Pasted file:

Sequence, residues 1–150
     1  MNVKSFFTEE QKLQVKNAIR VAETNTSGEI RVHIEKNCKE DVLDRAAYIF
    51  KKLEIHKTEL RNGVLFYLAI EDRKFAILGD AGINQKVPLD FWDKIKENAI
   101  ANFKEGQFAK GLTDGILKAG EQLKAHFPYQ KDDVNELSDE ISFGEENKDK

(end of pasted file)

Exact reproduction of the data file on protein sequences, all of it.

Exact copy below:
Sequence, residues 1–150
     1  MNVKSFFTEE QKLQVKNAIR VAETNTSGEI RVHIEKNCKE DVLDRAAYIF
    51  KKLEIHKTEL RNGVLFYLAI EDRKFAILGD AGINQKVPLD FWDKIKENAI
   101  ANFKEGQFAK GLTDGILKAG EQLKAHFPYQ KDDVNELSDE ISFGEENKDK